REASON – Originally touted as an innovative means of reducing the reach and duration of pandemic restrictions, health passports have moved beyond speculation to reality with the recent debut of several versions of such credentials.
But after a year of lockdowns, travel restrictions, and surveillance justified on public health grounds, it’s likely that, rather than live up their liberating promise, health passports will become just another bureaucratic hurdle for people trying to go about their lives.
For better or worse, though, the new credentials look destined to be part of the post-COVID-19 world.
The Washington Post reported over the weekend:
“The Biden administration and private companies are working to develop a standard way of handling credentials — often referred to as ‘vaccine passports’ — that would allow Americans to prove they have been vaccinated against the novel coronavirus as businesses try to reopen.”
The federal government is something of a johnny-come-lately to a phenomenon already in motion.
According to the International Air Transport Association:
“IATA Travel Pass is a mobile application that helps travelers to store and manage their verified certifications for COVID-19 tests or COVID-19 vaccines. By the middle of March 2021, a total of 17 airlines had signed up to trial IATA Travel Pass.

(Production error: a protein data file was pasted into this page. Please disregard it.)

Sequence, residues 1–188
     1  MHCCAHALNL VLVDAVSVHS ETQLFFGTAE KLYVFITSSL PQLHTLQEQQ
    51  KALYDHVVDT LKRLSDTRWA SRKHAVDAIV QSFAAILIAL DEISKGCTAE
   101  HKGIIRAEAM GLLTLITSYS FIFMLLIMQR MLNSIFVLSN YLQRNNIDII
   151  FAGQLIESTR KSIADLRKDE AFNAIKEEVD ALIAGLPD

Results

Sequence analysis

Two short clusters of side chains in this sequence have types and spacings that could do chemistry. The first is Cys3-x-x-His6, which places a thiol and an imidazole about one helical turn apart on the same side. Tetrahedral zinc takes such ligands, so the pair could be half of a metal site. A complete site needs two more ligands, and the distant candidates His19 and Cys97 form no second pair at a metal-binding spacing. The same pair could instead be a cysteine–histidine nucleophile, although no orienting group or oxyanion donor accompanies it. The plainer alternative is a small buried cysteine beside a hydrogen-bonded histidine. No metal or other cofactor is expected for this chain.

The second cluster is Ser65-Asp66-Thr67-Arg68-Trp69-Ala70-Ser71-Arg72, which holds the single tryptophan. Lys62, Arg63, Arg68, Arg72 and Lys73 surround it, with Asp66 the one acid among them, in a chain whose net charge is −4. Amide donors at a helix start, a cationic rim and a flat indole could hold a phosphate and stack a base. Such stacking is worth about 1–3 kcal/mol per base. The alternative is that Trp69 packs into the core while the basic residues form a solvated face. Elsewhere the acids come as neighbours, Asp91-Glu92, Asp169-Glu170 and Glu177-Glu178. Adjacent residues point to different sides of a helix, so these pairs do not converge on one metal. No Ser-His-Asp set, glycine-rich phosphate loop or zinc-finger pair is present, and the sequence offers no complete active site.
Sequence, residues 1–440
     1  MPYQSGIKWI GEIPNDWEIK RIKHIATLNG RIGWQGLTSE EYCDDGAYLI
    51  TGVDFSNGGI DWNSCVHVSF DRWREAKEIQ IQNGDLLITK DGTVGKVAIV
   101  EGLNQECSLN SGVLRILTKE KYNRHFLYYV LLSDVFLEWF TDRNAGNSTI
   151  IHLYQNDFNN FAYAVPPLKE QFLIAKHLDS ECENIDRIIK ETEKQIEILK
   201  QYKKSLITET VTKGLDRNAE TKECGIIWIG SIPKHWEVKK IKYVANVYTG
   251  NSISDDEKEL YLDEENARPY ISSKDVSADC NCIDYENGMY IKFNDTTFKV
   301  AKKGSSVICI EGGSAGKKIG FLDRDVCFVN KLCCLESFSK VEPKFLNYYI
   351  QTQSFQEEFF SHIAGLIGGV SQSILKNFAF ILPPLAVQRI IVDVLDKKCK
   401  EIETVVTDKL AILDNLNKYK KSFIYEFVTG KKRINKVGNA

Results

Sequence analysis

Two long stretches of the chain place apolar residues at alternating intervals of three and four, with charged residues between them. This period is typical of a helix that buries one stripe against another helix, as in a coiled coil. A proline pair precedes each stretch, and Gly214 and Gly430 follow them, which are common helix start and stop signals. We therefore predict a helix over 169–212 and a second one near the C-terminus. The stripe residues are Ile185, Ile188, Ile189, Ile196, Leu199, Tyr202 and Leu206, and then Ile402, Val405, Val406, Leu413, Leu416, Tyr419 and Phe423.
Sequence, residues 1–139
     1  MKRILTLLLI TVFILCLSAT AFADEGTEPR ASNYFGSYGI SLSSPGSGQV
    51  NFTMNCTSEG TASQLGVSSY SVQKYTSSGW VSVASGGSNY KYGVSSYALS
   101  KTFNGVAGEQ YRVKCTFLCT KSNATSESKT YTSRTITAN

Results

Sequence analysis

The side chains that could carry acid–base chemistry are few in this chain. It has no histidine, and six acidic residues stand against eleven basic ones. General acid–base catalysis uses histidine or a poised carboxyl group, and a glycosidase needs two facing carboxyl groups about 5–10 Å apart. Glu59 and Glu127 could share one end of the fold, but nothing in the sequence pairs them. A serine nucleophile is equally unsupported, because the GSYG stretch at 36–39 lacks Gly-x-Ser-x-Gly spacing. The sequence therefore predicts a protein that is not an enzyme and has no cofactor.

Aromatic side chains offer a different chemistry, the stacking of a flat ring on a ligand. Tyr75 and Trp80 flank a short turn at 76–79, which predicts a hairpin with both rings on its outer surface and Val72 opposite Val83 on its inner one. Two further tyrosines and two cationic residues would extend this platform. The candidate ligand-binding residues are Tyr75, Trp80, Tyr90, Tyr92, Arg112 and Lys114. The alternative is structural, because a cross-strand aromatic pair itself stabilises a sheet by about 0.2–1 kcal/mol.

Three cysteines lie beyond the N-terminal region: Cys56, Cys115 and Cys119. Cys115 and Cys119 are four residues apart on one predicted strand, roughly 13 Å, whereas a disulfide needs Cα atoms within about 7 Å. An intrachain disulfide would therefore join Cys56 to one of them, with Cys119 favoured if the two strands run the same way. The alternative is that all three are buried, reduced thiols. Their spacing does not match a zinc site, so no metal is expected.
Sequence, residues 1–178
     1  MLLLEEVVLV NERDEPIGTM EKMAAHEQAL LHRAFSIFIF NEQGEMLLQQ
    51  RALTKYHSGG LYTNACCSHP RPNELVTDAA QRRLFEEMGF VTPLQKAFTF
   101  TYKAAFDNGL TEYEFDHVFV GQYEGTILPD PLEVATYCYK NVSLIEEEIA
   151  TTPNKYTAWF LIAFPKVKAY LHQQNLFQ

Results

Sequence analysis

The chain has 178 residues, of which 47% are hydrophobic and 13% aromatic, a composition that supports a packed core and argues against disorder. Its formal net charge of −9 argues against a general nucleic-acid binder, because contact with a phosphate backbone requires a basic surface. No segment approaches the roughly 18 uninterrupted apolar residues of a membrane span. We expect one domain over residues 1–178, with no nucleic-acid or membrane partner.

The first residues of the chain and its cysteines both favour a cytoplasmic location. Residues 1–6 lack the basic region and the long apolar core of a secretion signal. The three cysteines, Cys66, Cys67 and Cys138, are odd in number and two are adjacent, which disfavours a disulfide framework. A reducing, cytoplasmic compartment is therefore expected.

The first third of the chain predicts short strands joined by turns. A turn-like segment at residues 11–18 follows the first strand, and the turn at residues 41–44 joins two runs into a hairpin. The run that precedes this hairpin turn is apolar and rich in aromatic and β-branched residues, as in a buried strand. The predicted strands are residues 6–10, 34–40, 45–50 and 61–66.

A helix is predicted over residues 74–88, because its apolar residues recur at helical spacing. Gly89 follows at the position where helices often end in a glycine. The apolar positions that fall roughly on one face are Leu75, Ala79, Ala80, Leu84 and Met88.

“Singapore Airlines was the first airline to launch a full pilot on March 15 on the Singapore-London route, followed by Qatar Airways on March 18.”
IATA’s Travel Pass is a leading contender among a host of competing credentials sponsored by governments and private entities and intended to demonstrate to authorities with a renewed fear of contagion that the bearer poses minimal risk.
IATA’s digital credential (with paper alternatives available) offers information on destinations’ testing and vaccine requirements, connects travelers with their test and vaccination certificates and, by verifying and storing those certificates, acts as a “digital passport” for health purposes …
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